The following description was taken from MUARC: Random drug testing in Australia, analogies with RBT, and likely effects with increased intensity levels

This paper aims to develop an analogy between RDT and the early years of RBT in Australia when intensity levels were low. This analogy is used to predict the likely effects on drug-driving among killed drivers as the number of random drug tests is increased.

Diminishing-returns type relationships were found between the annual number of RDTs and the presence of impairing drugs in killed drivers. Although the ROFT equipment and associated Police testing time is currently expensive per test, the calibrated relationships suggested that current RDT rates per licensed driver could be increased to at least 10% per year before cost-effectiveness is in doubt.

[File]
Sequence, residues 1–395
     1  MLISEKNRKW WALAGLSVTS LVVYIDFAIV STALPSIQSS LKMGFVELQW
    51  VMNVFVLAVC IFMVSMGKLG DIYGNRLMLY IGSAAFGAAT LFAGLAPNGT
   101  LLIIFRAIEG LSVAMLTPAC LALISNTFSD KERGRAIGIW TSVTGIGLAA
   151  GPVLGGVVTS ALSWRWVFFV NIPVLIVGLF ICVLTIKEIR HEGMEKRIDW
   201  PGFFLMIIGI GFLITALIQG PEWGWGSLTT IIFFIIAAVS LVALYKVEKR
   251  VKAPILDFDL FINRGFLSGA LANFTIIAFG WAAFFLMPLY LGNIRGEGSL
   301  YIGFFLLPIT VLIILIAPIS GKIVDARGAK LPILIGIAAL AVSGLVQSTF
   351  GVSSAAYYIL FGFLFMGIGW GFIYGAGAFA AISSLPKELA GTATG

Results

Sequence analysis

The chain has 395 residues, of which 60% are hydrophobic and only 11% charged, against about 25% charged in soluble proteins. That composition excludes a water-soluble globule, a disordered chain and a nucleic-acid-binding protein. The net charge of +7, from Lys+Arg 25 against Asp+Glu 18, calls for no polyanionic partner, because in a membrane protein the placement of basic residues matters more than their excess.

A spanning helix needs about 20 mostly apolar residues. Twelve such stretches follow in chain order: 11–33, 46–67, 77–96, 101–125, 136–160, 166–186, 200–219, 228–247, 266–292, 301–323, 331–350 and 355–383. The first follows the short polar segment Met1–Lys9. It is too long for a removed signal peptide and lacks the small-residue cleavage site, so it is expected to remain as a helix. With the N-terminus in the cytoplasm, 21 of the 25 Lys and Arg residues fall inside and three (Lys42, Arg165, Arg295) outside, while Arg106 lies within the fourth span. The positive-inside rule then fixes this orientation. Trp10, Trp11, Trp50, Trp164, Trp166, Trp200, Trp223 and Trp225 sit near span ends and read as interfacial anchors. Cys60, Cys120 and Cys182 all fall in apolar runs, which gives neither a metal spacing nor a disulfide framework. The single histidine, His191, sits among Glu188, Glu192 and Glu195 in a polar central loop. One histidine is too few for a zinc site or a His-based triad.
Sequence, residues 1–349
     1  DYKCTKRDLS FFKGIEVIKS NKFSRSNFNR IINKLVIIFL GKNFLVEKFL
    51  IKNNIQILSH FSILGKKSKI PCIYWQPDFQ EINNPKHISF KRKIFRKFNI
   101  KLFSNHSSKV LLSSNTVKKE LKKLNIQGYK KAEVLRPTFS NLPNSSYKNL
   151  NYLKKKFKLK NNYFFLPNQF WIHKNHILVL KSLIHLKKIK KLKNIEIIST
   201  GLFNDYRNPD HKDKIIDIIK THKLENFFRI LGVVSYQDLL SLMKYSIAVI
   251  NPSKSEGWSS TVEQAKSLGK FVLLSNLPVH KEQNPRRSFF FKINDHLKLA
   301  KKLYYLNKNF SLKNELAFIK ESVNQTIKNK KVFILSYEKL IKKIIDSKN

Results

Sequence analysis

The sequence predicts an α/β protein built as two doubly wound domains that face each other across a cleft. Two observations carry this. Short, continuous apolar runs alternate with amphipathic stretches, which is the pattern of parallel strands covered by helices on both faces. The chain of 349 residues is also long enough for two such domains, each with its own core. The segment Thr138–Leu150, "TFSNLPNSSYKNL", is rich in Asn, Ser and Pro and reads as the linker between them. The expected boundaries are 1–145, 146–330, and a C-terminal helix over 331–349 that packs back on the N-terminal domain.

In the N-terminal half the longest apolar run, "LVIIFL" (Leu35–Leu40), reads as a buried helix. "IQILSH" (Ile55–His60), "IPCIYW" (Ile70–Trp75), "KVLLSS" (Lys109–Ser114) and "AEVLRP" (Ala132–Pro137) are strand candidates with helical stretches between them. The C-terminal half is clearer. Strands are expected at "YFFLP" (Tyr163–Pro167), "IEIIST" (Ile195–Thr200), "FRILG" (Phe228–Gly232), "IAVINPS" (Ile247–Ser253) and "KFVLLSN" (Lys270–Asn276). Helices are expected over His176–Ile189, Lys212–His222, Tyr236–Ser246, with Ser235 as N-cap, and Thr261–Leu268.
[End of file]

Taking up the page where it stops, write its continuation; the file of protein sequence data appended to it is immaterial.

RDT has the potential to achieve significant general deterrence of drug-driving in a similar way as that achieved by best-practice RBT. While RDT is highly cost-effective at the modest levels of intensity that it is currently operated at in Australia, the analogy with RBT developed in this paper suggests that it will remain cost-effective if testing rates per licensed driver are increased up to 10% of drivers per year. However, to remain cost-effective at even higher testing rates per year, the cost per random drug test must be substantially decreased.